Recently I witnessed a shocking demonstration by a new, English-speaking, college graduate. I don’t normally talk about my writing with colleagues at work – there isn’t time – but one intelligent youngster asked me a question that I could most easily answer by showing him one of my essays. He could not read it. I mean, he could sound out the words that he knew, skipping the words he didn’t know, but he could not make sense of the sentences. After watching his ordeal for five painful minutes, I verbally gave him the message encoded in the English language that he could not read. He believes that he is educated, by the way, because he has a college degree.
All a college degree shows is that you are trainable to jump through hoops (okay, with Yale you learn to jump through flaming hoops that impress everyone, but you are still jumping through hoops and aren't necessarily edumakated). And yes, the educational system here is bad.
For some reason, the fact that sheep are easily lead and wolves are not keeps floating through my mind …
The new second line they gave us had a Valencia area code, which would have been good if I’d needed to call Magic Mountain several times per day. As it was, that number somehow cross-linked with our old phone line so that we couldn’t even call our next-door neighbor on either phone without dialing 11 digits. The DSL started crashing all the time. The voice mail either wouldn’t work or would deliver messages days after the fact. Sometimes an obliterating static would wash over the line; other times voices would echo.
Well, we weren’t going to take this one lying down! We called the Sprint Ion service center in Atlanta, Georgia, and talked with Artie. And with Margie, Mark, Barry, Bob, Eddie, Kiewan, Abid, Emily, Carlos, Robert, Brian, Isaiah, Corey, Carl, Gerald, Debra, Barbara, Sylvester, Tom, Jeanette, Michael, Randall, Dan, Adam, Allen, Shavonne, Lynette, Hawk, Cornell, John and others.
Except for the NorthPoint failure and that day a week and a half ago, I haven't had much problem at all with my DSL connection, unlike Mr. Washburn up there. But his story wasn't nearly as bad as Brad's:
June 19, 2000: Well, after nearly two months of waiting for my DSL service to be installed, I'm ensconced here in my home office, perching in front of the computer, surfing along at a zippy … 56K. Yep, sure couldn't see that one coming, could we? …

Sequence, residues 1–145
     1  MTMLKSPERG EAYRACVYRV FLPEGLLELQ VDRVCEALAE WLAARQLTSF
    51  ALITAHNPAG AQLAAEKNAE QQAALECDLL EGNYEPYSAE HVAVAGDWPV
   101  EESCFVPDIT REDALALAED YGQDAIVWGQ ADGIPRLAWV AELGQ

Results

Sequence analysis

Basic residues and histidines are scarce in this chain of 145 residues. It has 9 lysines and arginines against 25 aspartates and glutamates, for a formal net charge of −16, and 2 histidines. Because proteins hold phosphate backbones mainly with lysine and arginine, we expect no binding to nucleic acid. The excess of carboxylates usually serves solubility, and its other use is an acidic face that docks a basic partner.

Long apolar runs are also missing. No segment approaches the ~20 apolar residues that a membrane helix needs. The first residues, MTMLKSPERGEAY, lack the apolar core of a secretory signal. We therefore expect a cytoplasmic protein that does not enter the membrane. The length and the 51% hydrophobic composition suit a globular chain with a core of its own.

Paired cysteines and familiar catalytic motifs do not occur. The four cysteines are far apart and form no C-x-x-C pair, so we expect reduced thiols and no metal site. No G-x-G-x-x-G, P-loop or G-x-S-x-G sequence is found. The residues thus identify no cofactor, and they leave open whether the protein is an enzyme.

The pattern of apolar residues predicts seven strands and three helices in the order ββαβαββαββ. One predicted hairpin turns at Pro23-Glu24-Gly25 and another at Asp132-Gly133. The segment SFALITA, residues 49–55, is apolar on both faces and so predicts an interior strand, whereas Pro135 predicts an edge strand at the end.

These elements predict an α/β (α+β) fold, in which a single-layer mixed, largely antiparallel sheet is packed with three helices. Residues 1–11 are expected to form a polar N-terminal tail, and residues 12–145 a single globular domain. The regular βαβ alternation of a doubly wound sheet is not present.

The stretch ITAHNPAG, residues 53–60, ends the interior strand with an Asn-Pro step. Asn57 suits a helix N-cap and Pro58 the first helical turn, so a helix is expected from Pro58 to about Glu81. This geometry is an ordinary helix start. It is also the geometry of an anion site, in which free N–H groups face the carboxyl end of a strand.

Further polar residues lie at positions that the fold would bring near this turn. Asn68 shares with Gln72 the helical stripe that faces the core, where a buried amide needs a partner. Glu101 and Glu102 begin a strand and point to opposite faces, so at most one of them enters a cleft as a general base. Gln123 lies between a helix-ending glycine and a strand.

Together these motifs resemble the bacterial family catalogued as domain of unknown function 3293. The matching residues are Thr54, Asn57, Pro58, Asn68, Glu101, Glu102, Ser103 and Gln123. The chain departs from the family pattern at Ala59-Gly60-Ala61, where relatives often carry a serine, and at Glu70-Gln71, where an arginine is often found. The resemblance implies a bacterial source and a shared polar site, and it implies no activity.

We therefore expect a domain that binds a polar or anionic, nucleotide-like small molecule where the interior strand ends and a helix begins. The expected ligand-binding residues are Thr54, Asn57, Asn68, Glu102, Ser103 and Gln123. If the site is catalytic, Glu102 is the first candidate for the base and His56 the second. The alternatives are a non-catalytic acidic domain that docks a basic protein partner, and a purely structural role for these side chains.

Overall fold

Manuel returns after 10 minutes more of Mangione with the following news: the “wire center” serving my area is closed, and has been closed since late April. My order for DSL should never have been accepted and, should I wish to request DSL service, my order will have to be resubmitted. Unfortunately, Manuel is not permitted to accept new orders or even resubmit mine until the wire center reopens, which will be “on or after July 14.”
“Why did Carl schedule me for an installation appointment today?” I ask. Manuel asks me to hold. Fifteen minutes of cool trumpet later, he returns with the news that the tech center has no record of an install order in my name.
It's as if the telephone companies don't like DSL. Go figure.
Spring wanted to buy a simple folder—the type that has both pockets and tangs. Tangs, by the way, are the small flaps of metal that you slip three-holed punched paper over and fold down to keep the papers together—something that is fairly common.
So we head over to the local Wal★Mart Superstore that is now down the street to look for a simple pocket and tang folder.
Now, a Wal★Mart superstore is the size of a small Latin American country so we knew we might spend some serious time in there looking for a folder.
We found an entire supermarket. We found analog clocks that can set themselves. We found piano wire. We found Jimmy Hoffa (although he didn't look all that good so we put him back). But we did not find a simple pocket and tang folder. Over an hour we spent.
So much for the Wal★Mart Superstore.